“An international magazine of ideas and opinions, emphasizing literature and the arts” – that is how the editors describe tnr. The front cover exhibits delicate pink petals, aside thistles, against a brick cross – beauty, troubles and truth. Art this journal has in abundance – photographs, reproductions of paintings, watercolors, drawings – all very stylish and in color.
A challenging opinion piece by Vitaly Kozyrev opens the issue: “Putin’s Heritage: Back to the U.S.S. R.?” Kozyrev, who teaches at Endicott College, tries to dispel the “myth” that Putin is returning Russia to its previous communistic roots, but does warn of a “delicate balance of power” and “Russia’s futile resistance to globalization.”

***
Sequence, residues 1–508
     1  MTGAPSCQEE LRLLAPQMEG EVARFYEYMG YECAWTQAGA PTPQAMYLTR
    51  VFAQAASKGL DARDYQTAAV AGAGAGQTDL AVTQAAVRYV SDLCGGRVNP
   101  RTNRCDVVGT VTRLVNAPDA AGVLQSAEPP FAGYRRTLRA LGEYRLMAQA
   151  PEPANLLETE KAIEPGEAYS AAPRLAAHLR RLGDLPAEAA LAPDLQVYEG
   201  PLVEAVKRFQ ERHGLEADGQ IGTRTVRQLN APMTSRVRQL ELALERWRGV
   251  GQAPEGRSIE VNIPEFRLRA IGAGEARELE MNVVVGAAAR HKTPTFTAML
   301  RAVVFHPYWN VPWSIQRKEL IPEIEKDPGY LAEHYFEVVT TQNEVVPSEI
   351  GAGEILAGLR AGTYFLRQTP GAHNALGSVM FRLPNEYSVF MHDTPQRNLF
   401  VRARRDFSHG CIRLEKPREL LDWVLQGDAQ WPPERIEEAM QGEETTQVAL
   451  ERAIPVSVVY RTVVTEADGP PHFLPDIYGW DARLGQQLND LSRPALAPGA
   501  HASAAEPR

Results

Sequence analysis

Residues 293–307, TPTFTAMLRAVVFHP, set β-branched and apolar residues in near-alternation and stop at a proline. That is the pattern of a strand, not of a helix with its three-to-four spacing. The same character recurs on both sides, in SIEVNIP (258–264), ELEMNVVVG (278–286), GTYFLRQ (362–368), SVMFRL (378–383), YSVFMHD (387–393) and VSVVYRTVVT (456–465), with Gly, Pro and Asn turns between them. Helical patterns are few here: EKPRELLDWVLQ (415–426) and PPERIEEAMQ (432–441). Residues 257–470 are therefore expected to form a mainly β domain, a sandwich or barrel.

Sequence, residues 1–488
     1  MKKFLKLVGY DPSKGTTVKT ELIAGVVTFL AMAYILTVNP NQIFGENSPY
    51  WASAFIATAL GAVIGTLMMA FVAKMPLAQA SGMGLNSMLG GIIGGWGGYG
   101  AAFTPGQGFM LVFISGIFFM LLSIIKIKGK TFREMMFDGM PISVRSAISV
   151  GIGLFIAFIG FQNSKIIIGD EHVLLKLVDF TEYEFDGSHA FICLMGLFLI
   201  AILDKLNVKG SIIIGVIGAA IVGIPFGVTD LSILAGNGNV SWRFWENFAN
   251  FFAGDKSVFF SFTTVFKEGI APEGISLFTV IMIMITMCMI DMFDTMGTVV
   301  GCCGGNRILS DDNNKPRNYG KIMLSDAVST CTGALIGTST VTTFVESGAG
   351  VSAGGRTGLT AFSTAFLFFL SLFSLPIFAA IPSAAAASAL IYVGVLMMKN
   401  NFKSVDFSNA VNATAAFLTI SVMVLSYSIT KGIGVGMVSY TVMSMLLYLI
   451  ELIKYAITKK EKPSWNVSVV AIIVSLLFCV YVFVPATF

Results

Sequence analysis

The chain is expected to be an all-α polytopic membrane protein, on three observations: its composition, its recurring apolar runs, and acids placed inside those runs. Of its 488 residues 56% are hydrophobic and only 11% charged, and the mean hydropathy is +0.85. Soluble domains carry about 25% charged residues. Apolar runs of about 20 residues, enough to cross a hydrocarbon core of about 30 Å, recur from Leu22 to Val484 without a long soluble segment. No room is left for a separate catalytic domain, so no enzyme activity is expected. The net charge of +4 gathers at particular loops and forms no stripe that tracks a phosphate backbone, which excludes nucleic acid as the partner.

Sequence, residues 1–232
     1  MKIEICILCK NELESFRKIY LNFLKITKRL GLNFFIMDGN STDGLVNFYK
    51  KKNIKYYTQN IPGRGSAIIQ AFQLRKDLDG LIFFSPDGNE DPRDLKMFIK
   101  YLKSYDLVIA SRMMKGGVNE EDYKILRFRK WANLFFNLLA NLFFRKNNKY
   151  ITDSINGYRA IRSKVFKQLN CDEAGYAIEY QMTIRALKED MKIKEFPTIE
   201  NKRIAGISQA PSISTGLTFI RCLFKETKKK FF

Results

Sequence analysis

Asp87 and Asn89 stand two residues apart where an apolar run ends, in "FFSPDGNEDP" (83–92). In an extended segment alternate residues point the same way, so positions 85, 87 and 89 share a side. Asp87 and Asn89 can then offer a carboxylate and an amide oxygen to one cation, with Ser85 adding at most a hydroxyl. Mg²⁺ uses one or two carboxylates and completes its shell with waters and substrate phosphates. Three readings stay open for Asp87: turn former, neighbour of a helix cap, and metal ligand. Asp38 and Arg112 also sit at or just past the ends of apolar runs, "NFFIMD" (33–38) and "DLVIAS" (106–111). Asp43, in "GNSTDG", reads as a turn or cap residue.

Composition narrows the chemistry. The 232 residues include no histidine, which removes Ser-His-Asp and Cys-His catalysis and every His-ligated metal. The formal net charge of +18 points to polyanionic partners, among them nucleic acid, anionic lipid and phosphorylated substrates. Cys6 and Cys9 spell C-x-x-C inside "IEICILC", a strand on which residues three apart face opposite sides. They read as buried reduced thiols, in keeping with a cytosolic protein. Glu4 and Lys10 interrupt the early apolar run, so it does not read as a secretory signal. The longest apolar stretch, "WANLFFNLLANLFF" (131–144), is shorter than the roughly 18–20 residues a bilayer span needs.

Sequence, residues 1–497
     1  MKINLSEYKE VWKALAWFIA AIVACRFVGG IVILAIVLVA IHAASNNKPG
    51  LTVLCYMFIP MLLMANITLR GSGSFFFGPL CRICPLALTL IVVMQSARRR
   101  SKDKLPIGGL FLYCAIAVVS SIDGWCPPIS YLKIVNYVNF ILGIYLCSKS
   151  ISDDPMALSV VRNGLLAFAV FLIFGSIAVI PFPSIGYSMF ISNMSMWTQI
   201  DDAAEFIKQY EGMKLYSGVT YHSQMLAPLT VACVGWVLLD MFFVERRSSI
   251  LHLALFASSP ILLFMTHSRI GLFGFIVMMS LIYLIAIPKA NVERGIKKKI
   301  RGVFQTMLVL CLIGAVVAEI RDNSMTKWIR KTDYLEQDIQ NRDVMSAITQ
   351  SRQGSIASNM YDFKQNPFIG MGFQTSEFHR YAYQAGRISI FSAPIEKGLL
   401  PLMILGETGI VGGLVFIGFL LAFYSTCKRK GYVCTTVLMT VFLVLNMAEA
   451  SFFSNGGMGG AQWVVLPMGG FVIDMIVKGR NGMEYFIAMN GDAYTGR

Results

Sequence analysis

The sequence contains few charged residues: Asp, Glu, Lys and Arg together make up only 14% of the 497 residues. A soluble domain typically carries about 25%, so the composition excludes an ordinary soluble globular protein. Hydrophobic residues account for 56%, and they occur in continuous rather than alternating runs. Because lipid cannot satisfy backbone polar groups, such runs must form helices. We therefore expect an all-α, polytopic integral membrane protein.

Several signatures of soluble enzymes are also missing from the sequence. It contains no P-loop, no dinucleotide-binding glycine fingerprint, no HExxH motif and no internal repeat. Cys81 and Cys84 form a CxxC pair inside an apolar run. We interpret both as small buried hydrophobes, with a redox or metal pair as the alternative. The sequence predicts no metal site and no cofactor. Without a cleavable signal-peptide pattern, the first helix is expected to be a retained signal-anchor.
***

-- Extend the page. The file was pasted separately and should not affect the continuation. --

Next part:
This issue contains a good deal of first-rate poetry. There is sincerity ringing through Joan E. Bauer’s “Remembering V.S. Naipul at the Dawn of a Dark Century”: “The world is what it is; men who are nothing, who allow / themselves to become nothing, have no place in it.” There is reverence in “To your usu daemon” by Beatriz Alba del Rio: “The suffering was it real or was it dream? / it was YOU.” There is sorrow, regret and acceptance in “Requiem” by Patricia Chaddock: “I came upon a cracker box of wonder: / rude home for three newborn kittens / discarded by some heartless wretch / in a vacant lot.” These poems are more than the verbal gymnastics of adjectives and imagery that pass for good poetry so often, they tell a story, show heart, reveal truths, heighten awareness.
A stirring picture of what death might feel like was created by Thomas A. West, Jr. in “The Light is Strong.” “Has the lease run out?” asks the main character of himself, and seemingly in whispers, we are led to his last moments. While the answer might not be novel, the telling is. This is polished, high-class, substantive work – what unites it is the quality – it is meaningful, thoughtful and sincere.